The most important thing to understand, in my mind’s view, is that all of life, every manifestation of life, is part of this whole that is inseparable, an interconnected organic unity from The Tao itself. Life’s forces are attracted to balance because it’s their nature to do so. Sound familiar? It should; it’s pretty damn similar to the basis of The Law of Inertia, one of Newton’s three law’s of motion–an object in motion will stay in motion unless acted on by some unbalancing force. Essentially, it’s this “natural tendency” for things to say in the state they are in, unless they’re disturbed.

How can relate this to ourselves and the Universe? Well, we have a couple choices as humans, and one choice is to follow this “Way”, and “go with the flow” as you will, ot we can choose to do the opposite and remain disconnected from life.

As someone with indigenous American roots, this speaks volumes to me. My ancestors lived a life conducive with nature, with the cosmos, not one which ruled the land and claimed the Earth as “ours”. There was violence, there was hierarchy, yes, but with nature they were one and connected to life.

7030828-3d-yin-yangYin-Yang is also important to talk about here. This is the principal of change and harmony. They’re primal energies, not opposites as many think. They’re complimentary to each other: in other words, Yin creates Yang and Yang creates Yin. You can only know pain because there is happiness. You can only know good because there is evil.

This leads to the conclusion that one shouldn’t ever get intertwined in contradictions like right and wrong, to choose one over the other. Instead, we should only recognize their relatedness.

How can we relate this to ourselves? Well, how often do we find ourselves, especially those of you who are my mental health peers, picking at ourselves over parts of us we dislike, or disowning parts of ourselves? That’s fighting against the natural balance of things. In other words, although times are tough now, every force in life, including that which lies within us, strives for balance and we can’t achieve that balance within ourselves by fighting what must happen. If that means a shitty period in life, a horrible mental break down, or manic episode or days upon months upon years of hearing voices or anxiety or depression, than what’s what it means.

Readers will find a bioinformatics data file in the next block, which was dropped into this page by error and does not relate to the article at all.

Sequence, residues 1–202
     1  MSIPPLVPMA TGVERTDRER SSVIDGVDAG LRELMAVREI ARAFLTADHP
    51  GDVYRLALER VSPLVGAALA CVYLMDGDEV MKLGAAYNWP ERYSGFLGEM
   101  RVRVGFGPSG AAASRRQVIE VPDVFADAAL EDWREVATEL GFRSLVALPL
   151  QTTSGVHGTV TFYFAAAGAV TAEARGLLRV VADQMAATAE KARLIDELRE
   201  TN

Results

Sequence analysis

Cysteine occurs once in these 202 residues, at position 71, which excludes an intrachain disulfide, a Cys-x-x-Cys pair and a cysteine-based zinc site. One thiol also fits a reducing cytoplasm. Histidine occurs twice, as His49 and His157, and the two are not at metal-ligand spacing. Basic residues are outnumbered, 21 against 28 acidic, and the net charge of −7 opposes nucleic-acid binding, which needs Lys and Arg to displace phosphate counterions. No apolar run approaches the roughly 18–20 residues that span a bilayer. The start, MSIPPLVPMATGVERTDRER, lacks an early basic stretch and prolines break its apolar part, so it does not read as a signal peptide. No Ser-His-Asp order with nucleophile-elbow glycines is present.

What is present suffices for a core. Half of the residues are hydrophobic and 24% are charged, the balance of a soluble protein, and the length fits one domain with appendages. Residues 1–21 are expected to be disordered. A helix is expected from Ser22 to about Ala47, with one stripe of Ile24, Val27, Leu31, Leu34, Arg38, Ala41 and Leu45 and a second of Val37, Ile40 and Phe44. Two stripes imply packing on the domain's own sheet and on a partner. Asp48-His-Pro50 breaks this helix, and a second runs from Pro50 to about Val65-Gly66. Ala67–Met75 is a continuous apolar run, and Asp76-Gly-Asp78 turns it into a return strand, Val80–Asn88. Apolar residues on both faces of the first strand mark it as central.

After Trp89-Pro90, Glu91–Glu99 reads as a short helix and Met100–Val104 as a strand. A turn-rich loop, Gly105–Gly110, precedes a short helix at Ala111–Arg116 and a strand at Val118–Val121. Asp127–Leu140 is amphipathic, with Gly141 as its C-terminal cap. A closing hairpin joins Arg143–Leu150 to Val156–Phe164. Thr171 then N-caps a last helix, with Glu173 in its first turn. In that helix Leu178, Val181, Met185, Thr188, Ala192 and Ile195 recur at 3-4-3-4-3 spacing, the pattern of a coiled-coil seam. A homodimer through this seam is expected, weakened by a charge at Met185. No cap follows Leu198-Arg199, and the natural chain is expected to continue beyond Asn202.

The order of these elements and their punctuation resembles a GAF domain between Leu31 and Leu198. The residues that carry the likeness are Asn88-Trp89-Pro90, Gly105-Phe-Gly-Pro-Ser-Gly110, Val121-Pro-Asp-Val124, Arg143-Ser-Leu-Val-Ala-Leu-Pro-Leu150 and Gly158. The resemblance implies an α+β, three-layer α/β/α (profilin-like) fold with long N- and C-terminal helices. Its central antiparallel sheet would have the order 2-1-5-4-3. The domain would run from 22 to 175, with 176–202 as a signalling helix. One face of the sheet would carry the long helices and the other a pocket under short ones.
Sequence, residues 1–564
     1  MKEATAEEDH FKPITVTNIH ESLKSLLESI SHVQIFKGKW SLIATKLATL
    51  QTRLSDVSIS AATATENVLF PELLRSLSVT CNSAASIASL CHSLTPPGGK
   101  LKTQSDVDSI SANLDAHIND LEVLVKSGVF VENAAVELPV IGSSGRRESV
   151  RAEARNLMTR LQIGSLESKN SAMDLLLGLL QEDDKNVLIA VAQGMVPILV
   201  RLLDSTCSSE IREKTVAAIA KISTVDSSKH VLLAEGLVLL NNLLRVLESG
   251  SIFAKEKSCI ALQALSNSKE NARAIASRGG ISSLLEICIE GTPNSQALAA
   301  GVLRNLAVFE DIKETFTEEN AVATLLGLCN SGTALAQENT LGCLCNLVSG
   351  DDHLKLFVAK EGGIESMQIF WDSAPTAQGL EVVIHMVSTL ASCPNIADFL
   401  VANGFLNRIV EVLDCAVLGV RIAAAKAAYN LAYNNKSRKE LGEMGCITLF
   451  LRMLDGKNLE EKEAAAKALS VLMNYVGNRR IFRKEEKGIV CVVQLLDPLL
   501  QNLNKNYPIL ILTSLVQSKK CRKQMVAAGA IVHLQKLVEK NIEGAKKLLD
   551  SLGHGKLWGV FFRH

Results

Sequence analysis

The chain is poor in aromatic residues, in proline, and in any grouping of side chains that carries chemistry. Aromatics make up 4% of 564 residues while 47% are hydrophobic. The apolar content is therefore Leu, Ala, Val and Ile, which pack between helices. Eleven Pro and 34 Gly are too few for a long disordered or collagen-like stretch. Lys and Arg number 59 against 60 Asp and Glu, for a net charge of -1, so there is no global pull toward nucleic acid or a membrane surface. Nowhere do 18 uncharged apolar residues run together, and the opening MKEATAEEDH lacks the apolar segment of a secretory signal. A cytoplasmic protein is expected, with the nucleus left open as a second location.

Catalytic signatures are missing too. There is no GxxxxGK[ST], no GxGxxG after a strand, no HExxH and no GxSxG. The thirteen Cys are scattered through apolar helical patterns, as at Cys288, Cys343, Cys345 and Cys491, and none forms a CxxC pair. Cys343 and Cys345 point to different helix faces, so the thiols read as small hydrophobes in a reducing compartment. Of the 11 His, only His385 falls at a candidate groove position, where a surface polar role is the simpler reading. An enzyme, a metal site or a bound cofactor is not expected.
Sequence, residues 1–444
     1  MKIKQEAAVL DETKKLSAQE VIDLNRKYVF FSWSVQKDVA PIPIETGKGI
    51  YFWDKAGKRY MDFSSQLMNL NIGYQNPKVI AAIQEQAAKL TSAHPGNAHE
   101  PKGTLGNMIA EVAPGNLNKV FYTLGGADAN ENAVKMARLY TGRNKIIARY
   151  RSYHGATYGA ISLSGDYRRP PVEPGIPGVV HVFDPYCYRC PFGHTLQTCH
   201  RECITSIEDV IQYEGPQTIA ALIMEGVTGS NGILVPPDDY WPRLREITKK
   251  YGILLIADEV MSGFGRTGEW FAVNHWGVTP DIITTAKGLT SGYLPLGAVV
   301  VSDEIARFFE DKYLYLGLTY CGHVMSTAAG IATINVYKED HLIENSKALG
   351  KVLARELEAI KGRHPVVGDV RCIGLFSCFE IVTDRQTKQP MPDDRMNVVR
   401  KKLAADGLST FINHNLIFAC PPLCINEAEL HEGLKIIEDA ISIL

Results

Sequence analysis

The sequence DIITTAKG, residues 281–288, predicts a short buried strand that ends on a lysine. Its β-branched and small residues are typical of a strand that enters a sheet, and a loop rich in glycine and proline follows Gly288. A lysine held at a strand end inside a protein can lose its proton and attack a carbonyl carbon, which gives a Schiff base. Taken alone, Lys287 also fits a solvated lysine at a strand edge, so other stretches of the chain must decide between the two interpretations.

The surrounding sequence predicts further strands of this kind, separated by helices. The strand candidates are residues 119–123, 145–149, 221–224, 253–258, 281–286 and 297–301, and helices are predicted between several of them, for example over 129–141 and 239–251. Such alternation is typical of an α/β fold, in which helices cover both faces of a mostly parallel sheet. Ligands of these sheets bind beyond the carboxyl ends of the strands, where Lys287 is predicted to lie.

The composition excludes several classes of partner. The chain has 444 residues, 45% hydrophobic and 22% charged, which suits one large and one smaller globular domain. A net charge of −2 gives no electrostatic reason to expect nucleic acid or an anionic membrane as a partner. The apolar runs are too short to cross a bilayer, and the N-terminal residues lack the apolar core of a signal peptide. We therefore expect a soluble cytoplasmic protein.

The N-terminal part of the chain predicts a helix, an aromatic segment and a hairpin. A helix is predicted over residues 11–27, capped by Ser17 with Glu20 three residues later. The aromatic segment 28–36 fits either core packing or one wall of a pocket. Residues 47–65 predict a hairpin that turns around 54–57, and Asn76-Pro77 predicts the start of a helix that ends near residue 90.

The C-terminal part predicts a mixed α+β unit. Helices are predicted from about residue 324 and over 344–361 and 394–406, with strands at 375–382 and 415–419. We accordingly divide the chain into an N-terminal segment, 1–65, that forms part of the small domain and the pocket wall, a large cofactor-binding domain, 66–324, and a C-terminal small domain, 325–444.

It’s not giving in. It’s recognizing that this reality is here, and to try and eradicate it would be like trying to erase a negative current from electricity just because it isn’t positive. Eradication is not balance. That’s like removing your left eye and then wondering why you can’t see out of it anymore.

There are two other areas I would like to speak of, the “Te”, which is the principal of inner nature, and the Wu-Wei principal of “non-doing”, but I’ll save that for a different post. As of now, I’d like to share two translations I found in a book at work, coupled with the Chinese writings of each.

“In the pursuit of learning, everyday something is acquired.

In the pursuit of Tao, everyday something is dropped.

Less and less is done,

until non-action is achieved.

When nothing is done, nothing is left undone.

The world is ruled by letting things take their course.

It cannot be ruled by interfering.”


“The beginning of the universe

Is the mother of all things.

Knowing the mother, one also knows the sons.

Knowing the sons, yet remaining in touch with the mother,

brings freedom from the fear of death.

Keep your mouth shut,

Guard the senses,

And life is ever full.

Open your mouth,

Always be busy,

And life is beyond hope.

Seeing the small is insight,

Yielding to force is strength.

Using the outer light, return to insight

And in this way be saved from harm.

This is learning constancy.”




I’ve a question for all of you out there who are fellow sufferers of what is commonly called “intrusive thoughts”. In fact, I have several questions.

What I hear most commonly around intrusive thoughts is their connection to Obsessive Compulsive Disorder. From my understanding, on a clinical standpoint, those intrusive thoughts are usually repeated and have a resulting compulsion. Correct me if I’m wrong, I don’t have any real connection personally to OCD, so if the experience is completely different please feel free to blast me in the comments below.

Or just politely explain it. Whichever you prefer. The last time I was offended by someone’s comment on the internet, T-Rex’s roamed the earth. And yes, I’m that old. No wrinkles. Want the secret to my everlasting youth? Stay turned until the end of this article.